The programming of programme-and project-linked training schemes fell badly behind under LomII. In many cases, the relevant training was not even identified, let alone provided, before the arrival of the technical assistance team responsible for running the programme, and some times not so for several years after approval of the programme by the Commission.

At the same time, specific support for national and regional training institutes is of course still possible under LomII and many such operations have been run. And there are training programmes which are based on studies of exact needs and better integrated than the old multiannual ones used to be.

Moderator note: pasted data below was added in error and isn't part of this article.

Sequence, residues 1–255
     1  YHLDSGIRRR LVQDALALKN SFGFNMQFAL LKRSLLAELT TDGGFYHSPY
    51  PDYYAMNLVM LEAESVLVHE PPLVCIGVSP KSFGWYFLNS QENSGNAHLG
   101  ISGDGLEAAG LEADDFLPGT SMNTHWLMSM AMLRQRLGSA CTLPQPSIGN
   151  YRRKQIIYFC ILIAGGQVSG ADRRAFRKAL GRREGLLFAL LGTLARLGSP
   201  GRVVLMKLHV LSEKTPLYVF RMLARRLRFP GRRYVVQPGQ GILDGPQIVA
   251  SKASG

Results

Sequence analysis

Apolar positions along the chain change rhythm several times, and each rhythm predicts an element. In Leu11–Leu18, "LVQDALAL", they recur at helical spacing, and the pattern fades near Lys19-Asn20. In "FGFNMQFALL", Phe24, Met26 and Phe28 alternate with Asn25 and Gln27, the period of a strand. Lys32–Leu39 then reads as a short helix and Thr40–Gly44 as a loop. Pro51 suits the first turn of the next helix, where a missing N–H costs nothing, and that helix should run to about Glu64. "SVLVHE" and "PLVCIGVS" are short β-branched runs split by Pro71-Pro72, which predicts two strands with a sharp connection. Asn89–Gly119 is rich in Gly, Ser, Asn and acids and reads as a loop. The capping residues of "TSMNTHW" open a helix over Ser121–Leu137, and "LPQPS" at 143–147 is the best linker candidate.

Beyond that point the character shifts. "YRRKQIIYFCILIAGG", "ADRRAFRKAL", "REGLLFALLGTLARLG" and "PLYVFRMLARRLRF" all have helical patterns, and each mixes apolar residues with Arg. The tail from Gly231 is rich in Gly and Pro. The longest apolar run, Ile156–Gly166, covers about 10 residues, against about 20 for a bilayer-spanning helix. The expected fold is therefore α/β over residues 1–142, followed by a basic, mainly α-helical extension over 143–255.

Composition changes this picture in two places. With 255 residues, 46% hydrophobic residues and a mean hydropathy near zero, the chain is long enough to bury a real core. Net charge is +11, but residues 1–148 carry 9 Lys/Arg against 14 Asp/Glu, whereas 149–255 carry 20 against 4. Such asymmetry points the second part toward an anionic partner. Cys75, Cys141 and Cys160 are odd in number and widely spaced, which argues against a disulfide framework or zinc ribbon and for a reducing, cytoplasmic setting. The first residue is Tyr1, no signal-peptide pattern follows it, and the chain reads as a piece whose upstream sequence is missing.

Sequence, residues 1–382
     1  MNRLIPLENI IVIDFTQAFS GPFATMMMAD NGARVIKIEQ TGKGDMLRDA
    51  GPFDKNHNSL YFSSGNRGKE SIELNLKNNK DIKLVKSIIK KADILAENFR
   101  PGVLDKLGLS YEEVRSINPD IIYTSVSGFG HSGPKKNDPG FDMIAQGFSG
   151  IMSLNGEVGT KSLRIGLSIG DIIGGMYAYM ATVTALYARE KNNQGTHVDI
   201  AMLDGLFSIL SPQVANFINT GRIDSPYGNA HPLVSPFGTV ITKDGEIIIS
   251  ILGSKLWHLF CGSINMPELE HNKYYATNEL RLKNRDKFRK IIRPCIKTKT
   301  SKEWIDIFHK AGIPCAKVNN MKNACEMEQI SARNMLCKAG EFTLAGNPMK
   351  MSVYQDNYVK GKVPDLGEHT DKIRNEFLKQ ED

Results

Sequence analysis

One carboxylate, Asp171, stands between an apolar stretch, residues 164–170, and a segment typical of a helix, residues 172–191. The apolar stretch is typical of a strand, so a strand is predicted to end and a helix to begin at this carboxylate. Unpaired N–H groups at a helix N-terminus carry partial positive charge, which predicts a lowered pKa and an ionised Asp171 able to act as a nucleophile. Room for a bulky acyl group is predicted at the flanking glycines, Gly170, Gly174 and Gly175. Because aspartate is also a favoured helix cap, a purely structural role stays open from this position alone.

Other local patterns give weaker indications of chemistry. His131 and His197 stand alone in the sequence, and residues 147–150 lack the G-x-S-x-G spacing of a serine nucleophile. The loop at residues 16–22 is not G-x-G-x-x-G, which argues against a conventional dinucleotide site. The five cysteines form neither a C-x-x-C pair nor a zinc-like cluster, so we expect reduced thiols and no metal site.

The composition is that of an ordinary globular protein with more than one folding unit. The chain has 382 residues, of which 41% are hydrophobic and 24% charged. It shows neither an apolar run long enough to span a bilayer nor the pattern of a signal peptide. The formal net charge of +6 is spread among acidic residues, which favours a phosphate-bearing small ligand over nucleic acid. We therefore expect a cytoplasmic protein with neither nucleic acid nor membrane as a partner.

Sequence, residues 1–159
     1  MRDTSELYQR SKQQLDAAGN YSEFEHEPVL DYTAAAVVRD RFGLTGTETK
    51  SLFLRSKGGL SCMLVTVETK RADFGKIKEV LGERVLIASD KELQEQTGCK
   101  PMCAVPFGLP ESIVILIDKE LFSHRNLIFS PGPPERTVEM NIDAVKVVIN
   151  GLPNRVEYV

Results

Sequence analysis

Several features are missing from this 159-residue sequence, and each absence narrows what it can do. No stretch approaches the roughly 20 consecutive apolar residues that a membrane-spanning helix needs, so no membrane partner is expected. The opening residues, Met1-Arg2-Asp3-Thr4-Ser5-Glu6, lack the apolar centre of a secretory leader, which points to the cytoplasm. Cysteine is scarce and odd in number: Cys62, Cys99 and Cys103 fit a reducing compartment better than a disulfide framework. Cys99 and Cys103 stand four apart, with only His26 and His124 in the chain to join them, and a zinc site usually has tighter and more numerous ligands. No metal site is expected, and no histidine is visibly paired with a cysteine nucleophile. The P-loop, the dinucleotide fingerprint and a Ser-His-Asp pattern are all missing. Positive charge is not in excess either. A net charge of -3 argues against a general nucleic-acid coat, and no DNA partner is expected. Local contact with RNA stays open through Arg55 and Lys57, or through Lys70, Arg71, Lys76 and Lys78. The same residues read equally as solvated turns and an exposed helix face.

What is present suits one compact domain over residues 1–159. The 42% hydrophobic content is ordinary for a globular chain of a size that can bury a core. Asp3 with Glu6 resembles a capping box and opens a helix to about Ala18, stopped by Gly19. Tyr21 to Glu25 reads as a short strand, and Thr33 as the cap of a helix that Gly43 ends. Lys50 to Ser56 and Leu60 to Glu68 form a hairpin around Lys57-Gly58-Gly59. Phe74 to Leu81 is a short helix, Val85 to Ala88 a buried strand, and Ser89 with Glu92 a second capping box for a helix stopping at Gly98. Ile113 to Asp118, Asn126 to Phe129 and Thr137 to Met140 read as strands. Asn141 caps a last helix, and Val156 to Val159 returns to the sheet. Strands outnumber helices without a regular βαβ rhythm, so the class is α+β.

The Community is now making a considerable effort to improve its identification and programming of training schemes - an effort which may help to explain the delay in financial commitments - but it still does not have the human resources it needs, either in Brussels or in the Delegations, to improve the quality and quantity of these operations. Accordingly there is no guarantee of proper follow-up. The decline in the relative value of training funds from Lom l to LomII in fact corresponds to a considerable increase in the number of training schemes, particularly in Southern Africa and Nigeria.